Muscle growth 101: what you should know

Why would you go to the gym?

When I look around me when I'm in the gym, I get the impression that not everyone has a good answer to that. I see people exercising with little intention. They perform an exercise, but the weight is too low, the movement is too fast, and the exercise ends before real muscle fatigue is reached. Or the weight is excessively high, but the whole body moves alongside the muscle that is being trained to "help."

It's great that you're in the gym, don't get me wrong, but wouldn't you want to approach it more intelligently?

If we simplify things, there are two different reasons for going to the gym:

  1. Strength as the goal. With powerlifting or weightlifting, the focus is on moving as much weight as possible from point A to point B. This post is NOT about this style of training.
  2. Improved body composition, meaning a higher muscle percentage, so a muscle growth focus. I'll refer to this style of training as bodybuilding for now.

Of course, the additional effect of powerlifting and weightlifting is that you also become more muscular, even though it's a different style of training. However, most people who go to the gym do not do powerlifting (and certainly not weightlifting).

Most people want to look better, and that's a great goal. What's needed for that is a different body composition: less body fat and especially more muscle. So most people would be best off training with a bodybuilding style.

However, what do I mostly see happening in the gym?

The cliché female gym-goer tries to change her body composition by focusing solely on reducing body fat. They do endless cardio and are afraid to increase weights because they fear they'll start looking too masculine. They don't allow themselves to eat enough food and achieve minimal results. And they keep complaining about that stubborn belly fat that won't go away.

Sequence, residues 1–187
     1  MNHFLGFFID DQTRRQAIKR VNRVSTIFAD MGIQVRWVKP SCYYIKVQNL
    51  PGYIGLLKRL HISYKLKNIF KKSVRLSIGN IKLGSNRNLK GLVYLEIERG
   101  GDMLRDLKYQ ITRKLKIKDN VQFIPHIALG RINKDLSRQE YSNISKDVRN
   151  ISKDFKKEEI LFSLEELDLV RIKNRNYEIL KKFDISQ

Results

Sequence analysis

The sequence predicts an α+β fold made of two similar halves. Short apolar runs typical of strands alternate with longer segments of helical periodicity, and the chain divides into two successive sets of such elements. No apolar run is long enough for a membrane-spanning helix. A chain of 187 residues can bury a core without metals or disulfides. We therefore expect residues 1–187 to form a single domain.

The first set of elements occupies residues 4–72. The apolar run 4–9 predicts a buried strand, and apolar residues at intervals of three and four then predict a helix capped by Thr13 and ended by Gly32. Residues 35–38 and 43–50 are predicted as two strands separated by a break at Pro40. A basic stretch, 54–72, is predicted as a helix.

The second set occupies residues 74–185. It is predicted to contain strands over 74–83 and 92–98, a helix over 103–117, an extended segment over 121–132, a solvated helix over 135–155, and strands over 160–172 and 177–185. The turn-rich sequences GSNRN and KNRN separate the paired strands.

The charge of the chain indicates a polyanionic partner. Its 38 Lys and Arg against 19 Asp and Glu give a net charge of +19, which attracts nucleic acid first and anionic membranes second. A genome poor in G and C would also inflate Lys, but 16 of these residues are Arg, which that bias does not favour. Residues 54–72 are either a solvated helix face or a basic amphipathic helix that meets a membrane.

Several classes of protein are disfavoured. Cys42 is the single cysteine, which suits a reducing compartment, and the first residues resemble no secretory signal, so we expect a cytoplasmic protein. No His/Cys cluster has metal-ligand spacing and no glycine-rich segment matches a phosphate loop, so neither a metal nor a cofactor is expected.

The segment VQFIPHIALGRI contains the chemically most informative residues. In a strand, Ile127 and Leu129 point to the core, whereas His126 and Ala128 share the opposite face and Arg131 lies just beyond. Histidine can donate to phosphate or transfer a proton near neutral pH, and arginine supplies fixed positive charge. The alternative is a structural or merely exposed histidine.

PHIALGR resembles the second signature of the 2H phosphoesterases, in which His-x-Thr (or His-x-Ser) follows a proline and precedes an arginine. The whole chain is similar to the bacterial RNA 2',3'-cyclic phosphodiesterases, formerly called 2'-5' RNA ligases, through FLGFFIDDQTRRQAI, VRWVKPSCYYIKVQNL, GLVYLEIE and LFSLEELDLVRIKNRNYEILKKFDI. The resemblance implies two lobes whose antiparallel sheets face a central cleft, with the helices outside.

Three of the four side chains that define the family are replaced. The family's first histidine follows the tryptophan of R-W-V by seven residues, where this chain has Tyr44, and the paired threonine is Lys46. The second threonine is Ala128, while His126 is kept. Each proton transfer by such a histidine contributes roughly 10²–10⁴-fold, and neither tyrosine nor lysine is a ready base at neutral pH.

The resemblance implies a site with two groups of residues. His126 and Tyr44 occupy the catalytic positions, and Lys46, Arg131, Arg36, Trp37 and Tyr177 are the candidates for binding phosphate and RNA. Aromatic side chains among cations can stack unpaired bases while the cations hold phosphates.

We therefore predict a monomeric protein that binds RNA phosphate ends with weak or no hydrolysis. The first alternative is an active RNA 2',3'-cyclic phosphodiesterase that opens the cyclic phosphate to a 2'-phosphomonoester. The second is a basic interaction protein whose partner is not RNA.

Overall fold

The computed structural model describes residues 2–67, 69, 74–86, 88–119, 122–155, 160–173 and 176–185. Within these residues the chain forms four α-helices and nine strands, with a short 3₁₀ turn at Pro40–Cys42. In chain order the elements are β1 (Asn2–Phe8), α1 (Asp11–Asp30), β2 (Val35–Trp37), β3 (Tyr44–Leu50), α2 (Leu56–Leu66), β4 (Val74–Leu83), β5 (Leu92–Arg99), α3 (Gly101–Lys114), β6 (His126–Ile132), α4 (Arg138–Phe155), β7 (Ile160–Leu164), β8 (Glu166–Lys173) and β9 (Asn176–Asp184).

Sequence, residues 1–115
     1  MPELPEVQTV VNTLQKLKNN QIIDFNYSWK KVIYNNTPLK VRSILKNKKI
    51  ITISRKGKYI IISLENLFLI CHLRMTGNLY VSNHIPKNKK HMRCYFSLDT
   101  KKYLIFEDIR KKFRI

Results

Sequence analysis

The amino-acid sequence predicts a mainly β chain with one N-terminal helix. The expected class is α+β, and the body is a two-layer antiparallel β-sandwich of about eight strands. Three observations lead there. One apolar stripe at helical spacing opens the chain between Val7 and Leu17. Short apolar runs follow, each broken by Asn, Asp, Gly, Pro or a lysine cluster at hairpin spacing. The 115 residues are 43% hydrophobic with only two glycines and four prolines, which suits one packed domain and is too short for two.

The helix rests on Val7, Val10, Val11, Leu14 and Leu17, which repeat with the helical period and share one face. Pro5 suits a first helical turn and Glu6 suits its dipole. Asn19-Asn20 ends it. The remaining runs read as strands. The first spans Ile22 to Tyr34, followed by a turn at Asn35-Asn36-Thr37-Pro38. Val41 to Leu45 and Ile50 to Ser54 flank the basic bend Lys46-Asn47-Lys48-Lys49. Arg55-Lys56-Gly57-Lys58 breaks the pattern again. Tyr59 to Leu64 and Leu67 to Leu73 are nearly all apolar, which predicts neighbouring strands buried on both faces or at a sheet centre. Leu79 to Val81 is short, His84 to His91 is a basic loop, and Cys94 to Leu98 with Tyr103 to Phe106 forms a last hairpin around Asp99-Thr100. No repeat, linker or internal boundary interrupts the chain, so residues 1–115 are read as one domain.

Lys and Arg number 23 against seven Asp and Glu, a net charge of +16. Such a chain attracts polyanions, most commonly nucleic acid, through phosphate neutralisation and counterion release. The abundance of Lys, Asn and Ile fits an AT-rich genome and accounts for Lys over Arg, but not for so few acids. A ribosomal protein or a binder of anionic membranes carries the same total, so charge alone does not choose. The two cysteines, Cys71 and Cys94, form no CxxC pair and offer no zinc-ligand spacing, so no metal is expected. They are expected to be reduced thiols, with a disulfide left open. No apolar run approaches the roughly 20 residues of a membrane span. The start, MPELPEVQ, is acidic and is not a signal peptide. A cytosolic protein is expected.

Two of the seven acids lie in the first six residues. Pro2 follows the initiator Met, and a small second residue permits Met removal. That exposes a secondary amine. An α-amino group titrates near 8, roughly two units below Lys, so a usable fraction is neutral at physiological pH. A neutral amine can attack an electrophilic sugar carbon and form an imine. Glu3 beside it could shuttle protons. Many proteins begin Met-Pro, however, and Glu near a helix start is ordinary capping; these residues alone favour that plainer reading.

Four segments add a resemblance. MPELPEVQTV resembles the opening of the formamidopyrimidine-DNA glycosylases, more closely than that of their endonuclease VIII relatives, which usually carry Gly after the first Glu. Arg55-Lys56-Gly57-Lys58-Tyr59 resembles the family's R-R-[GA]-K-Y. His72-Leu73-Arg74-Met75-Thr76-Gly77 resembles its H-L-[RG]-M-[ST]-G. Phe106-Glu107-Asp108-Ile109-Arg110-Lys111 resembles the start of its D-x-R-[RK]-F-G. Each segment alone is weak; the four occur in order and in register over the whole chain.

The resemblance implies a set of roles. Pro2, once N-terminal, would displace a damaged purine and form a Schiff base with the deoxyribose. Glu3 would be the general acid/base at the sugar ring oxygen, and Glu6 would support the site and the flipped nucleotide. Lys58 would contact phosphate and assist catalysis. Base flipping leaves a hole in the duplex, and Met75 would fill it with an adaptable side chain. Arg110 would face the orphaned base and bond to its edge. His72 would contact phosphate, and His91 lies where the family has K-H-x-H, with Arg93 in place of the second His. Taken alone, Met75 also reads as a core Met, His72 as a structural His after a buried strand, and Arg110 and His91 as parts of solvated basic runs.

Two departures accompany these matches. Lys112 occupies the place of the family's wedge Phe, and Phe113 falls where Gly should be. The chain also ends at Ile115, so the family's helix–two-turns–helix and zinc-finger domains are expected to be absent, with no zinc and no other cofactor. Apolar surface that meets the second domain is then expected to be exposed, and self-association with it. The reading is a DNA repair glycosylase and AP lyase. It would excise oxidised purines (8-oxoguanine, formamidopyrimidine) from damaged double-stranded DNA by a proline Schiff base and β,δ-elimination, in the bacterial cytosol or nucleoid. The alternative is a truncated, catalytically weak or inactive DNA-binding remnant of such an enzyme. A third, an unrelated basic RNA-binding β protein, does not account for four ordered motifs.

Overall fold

The cliché male gym-goer only trains arms and uses heavy weights, and then performs exercises in a technically poor manner because their ego gets in the way (sometimes with grunting noises). These cliché men will certainly achieve more results than the cliché women because they are willing to use heavier weights, but this apporach eventually reaches a limit as well.

So, what should you do for muscle growth?

Jeff Nippard made an excellent video on this topic this week.

Watch it here

I'll give you the summary. Jeff mentions 5 points that contribute to muscle growth.

  • Tension is the primary stimulus for muscle growth. Tension is the force that occurs in a muscle when it's stretched and contracted during strength training. When the muscle is under tension, anabolic signals are sent, essentially telling the muscle to "get bigger!"
  • Technique. To ensure there is enough "time under tension" during exercises, you should perform the exercises with consistently good technique. So, for the exercises on your program, search for YouTube videos on how to perform them correctly. Record yourself and check if you're doing it right. Good technique involves: